Other people relate to you in a totally different way when you can drive a car too – it says you’ve got a certain amount of ‘nouse’ to have learned to drive in the first place and they’re far less likely to speak to you VERY…SLOOOWLY IN A VERY LOUD VOICE!

Being able to grab your car keys and say ‘I’m outta here!’ does wonders for your personal relationships too!  Trust me when I say getting in your car and getting a change of scenery when ‘cabin fever’ looms is very different to politely excusing yourself and shutting your office/bedroom door on your co-habitants – that’s just relocating to a different part of the cabin!  When I came home from my drive I noticed I was relating to my parents in a very different but subtle way – had gone off, re-discovered my own boundaries and inner workings as an individual and returned as a whole and separate person.  The way in which that simple process of taking your own space gives you a sense of inner stability that affects the way you relate to others that is really quite uncanny.

If you are a disabled person reading this blog and you’ve never considered driving, then please do! There’s an amazing array of adaptations available these days which mean that very few disabled people are precluded from driving these days.  Find your local assessment centre and pay them a visit – you’ve nothing to lose!

When I first started driving at 18 I was a pretty damn fearless adventurer and would go all over the place, and I want to re-awaken that adventurer in me!  So, I’m now looking for a Sat Nav.  I kind of enjoy getting ‘lost’ but I’d also quite like to know how far I am from civilisation (and a disabled toilet!).  I’m currently looking at THIS ONE  and I’d love your feedback if you currently use this model.

So, all in all it was a pretty great weekend and I’ll be off out again next weekend (if not sooner, it depends on the weather) and this time I’ll be sure to stop and take some photos so I can share my journeys with you.


5 thoughts on “Not all who wander are lost.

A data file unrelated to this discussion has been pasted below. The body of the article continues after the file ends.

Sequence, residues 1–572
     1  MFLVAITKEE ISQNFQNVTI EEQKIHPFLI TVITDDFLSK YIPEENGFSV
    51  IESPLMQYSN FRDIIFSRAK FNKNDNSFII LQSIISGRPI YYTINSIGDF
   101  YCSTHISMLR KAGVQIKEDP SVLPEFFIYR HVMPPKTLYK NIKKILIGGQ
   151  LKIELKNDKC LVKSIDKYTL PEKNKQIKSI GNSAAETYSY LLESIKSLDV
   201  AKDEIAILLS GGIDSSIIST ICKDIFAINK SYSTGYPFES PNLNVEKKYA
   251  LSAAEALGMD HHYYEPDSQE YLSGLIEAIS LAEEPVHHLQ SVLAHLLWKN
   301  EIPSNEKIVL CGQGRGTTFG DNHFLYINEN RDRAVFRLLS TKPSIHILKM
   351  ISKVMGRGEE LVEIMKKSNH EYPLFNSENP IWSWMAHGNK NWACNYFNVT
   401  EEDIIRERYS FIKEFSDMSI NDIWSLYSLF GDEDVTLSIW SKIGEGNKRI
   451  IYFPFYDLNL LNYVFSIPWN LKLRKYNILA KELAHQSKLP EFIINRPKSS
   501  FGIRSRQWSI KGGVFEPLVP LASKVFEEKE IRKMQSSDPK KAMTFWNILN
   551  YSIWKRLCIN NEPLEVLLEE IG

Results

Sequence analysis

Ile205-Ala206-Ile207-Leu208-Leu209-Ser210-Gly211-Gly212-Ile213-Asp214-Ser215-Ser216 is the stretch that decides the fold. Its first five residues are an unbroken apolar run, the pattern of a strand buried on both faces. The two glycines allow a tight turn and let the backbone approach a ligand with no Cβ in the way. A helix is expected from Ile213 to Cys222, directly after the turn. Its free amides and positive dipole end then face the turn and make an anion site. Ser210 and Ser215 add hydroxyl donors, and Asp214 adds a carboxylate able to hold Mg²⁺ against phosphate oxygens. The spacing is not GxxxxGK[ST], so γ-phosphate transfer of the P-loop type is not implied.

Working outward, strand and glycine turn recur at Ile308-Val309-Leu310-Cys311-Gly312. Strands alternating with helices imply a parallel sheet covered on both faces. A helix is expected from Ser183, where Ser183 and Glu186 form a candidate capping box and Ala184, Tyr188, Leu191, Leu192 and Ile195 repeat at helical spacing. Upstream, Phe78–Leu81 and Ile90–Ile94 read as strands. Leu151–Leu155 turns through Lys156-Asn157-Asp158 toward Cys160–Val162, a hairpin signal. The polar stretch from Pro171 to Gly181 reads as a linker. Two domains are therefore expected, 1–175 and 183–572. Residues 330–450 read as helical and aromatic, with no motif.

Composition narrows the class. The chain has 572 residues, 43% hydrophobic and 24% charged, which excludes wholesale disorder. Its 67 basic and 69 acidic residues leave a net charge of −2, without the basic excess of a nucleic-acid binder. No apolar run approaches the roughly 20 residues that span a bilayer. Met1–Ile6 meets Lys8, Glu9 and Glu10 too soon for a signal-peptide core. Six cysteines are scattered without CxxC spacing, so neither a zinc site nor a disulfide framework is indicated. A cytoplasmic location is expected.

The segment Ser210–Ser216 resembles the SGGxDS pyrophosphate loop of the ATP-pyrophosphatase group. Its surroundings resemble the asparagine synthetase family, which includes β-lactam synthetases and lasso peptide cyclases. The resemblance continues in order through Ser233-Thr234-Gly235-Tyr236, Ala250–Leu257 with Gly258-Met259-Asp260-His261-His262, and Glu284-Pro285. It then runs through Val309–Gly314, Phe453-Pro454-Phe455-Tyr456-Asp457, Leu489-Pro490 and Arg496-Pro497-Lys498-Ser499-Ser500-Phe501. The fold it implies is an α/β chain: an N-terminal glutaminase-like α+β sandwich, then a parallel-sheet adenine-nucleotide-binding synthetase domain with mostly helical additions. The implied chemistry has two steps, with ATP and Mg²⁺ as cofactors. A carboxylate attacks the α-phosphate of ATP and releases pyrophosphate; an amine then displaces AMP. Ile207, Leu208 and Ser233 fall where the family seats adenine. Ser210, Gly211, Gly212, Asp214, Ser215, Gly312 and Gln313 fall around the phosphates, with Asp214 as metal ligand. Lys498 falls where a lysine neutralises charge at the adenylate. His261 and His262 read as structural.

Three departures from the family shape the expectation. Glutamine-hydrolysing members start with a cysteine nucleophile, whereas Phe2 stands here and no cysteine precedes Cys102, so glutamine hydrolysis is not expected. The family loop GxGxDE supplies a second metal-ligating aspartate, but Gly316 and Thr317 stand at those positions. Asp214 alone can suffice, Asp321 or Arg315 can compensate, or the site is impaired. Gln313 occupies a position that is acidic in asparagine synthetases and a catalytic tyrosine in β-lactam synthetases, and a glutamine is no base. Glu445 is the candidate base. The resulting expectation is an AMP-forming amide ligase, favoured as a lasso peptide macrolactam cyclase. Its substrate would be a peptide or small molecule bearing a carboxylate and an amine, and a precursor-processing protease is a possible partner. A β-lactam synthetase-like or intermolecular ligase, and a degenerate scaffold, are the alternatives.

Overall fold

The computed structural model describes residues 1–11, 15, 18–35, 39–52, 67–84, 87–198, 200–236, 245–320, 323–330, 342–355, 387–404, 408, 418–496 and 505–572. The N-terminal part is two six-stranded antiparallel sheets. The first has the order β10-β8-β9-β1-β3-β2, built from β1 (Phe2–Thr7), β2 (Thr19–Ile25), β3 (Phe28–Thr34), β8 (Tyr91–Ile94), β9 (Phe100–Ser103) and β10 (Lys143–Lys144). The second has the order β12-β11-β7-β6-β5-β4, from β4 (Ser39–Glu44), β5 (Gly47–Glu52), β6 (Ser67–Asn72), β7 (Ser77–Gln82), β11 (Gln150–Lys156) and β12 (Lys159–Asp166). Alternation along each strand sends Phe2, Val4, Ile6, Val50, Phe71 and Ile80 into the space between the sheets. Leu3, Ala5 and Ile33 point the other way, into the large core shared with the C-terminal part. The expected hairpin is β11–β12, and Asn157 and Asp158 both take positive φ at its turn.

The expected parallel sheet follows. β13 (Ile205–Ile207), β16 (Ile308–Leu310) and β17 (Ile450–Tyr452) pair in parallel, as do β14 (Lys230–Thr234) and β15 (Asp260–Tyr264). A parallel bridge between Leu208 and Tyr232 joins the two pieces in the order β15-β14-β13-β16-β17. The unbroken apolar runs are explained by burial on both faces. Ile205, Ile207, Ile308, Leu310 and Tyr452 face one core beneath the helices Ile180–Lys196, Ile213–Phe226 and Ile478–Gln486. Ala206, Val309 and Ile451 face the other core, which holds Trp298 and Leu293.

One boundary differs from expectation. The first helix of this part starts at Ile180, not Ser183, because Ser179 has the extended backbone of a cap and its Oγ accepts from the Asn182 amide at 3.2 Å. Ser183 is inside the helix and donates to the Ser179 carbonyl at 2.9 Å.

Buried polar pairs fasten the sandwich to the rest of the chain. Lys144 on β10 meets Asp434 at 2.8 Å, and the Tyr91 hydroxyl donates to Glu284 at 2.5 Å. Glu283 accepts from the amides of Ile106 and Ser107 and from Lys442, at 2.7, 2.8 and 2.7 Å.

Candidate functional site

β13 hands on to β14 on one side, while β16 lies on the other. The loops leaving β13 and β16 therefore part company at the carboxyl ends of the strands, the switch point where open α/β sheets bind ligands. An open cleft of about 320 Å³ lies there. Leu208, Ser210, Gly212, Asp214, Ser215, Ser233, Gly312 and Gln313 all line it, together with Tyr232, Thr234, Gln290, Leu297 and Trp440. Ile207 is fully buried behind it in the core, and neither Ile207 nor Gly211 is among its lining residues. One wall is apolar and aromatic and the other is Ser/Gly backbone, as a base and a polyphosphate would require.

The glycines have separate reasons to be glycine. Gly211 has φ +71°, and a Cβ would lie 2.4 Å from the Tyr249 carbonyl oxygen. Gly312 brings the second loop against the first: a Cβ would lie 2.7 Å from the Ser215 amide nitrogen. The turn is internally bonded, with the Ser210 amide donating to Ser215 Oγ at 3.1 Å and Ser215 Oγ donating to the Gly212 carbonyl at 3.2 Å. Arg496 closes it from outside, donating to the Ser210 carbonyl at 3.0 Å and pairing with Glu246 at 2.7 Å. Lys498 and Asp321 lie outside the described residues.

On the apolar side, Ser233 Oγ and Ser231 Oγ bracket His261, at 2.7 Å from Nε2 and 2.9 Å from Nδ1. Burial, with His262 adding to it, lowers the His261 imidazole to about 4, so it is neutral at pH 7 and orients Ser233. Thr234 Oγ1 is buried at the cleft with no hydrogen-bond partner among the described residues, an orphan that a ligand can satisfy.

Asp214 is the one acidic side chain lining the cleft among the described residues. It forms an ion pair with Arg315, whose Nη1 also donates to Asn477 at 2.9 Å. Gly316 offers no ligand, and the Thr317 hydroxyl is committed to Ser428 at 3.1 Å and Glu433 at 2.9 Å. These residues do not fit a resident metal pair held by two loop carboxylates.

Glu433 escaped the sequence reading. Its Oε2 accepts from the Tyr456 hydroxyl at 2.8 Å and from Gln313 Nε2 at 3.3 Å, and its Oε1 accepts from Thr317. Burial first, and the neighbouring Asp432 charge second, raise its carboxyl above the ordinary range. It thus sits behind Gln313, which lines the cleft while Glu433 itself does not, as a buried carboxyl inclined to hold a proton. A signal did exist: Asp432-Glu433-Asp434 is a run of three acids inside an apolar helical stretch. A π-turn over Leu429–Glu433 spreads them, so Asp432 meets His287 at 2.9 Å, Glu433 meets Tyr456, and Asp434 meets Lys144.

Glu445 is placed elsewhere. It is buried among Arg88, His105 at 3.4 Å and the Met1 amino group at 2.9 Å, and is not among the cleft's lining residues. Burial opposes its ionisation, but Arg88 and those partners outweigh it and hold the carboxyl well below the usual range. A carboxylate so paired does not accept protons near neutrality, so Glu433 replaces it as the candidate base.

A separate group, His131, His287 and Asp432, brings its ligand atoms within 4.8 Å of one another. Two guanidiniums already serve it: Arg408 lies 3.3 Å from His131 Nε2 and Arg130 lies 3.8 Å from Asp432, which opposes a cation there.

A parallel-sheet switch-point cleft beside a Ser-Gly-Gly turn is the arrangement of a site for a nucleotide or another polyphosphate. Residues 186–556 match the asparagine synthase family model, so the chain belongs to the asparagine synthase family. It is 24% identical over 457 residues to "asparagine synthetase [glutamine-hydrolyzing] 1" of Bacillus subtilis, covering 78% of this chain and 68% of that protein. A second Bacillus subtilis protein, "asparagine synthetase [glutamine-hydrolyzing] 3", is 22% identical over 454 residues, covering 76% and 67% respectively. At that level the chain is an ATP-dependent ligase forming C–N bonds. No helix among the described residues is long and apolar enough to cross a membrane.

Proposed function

1. I use the U.S. version of that model, and I like it. It’s super-reliable as far as finding your way to/back from. My only real beef with it is that it can be very grumpy at update time, though that seems to be a sporadic software rather than a hardware issue. Keep a backup (it makes that very easy to do) of your current, functioning system and don’t let it auto-update system software. I’ve started waiting about a month after they push system (not map) updates in case something’s not right, and have had no trouble since.

    And in non-product news *smile* driving has been my favorite form of venting steam since I got my license. I used to go out on the back roads around campus in grad school when I just couldn’t take another second of thesis. The best part was that they all eventually connected up to something major, so getting truly lost was a near-impossibility. I miss doing that; there’s really too much city traffic here for it.

    1. Thanks for the feedback on that Satnav. I have recently found out that particular model is on it’s way out and the expert reviews I have read recommend upgrading to the TomTom XL which I am reading up on now :).

      I much prefer the quieter roads, not merely for the lack of traffic but you have to be very much ‘in the moment’ when you drive them because if the windy roads. I used to live in the East of the Country and I definitely like driving towards home! Haha

      1. Now we’re really on the same page *laugh* The US version I mentioned? The XL. 🙂 It always seemed like a strange name for something you want to be small and portable, but that’s just me; I still think the Ford Probe is the most unappealing name for anything in years, but they sell like crazy.

  2. I think I envy the ability to drive far more than I envy being able to walk without difficulty. I still haven’t given up hope, but there’s no adaptation to deal with sudden lapses in concentration and/ or consciousness combined with the reflexes of a snail… but one day, maybe. I’m glad you had such a good time – thanks for sharing it with us.